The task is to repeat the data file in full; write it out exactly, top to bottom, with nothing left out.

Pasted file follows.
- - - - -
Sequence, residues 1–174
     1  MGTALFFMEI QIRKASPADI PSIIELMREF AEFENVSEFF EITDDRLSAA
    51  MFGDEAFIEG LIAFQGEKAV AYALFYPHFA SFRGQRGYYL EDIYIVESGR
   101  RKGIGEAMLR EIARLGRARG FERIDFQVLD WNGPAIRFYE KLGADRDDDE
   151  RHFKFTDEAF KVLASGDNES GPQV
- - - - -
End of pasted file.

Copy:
Sequence, residues 1–174
     1  MGTALFFMEI QIRKASPADI PSIIELMREF AEFENVSEFF EITDDRLSAA
    51  MFGDEAFIEG LIAFQGEKAV AYALFYPHFA SFRGQRGYYL EDIYIVESGR
   101  RKGIGEAMLR EIARLGRARG FERIDFQVLD WNGPAIRFYE KLGADRDDDE
   151  RHFKFTDEAF KVLASGDNES GPQV